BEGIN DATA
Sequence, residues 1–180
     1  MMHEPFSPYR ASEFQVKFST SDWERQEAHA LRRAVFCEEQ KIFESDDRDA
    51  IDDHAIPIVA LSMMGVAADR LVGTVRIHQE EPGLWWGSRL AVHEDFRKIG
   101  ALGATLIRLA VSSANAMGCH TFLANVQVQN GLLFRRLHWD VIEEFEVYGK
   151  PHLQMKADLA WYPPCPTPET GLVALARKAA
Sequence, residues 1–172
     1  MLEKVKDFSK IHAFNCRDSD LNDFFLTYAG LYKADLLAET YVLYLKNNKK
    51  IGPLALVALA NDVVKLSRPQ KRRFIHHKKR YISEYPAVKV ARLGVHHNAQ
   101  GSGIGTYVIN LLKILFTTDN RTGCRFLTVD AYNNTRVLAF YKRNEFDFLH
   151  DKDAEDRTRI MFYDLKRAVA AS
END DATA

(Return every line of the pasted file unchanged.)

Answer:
Sequence, residues 1–180
     1  MMHEPFSPYR ASEFQVKFST SDWERQEAHA LRRAVFCEEQ KIFESDDRDA
    51  IDDHAIPIVA LSMMGVAADR LVGTVRIHQE EPGLWWGSRL AVHEDFRKIG
   101  ALGATLIRLA VSSANAMGCH TFLANVQVQN GLLFRRLHWD VIEEFEVYGK
   151  PHLQMKADLA WYPPCPTPET GLVALARKAA
Sequence, residues 1–172
     1  MLEKVKDFSK IHAFNCRDSD LNDFFLTYAG LYKADLLAET YVLYLKNNKK
    51  IGPLALVALA NDVVKLSRPQ KRRFIHHKKR YISEYPAVKV ARLGVHHNAQ
   101  GSGIGTYVIN LLKILFTTDN RTGCRFLTVD AYNNTRVLAF YKRNEFDFLH
   151  DKDAEDRTRI MFYDLKRAVA AS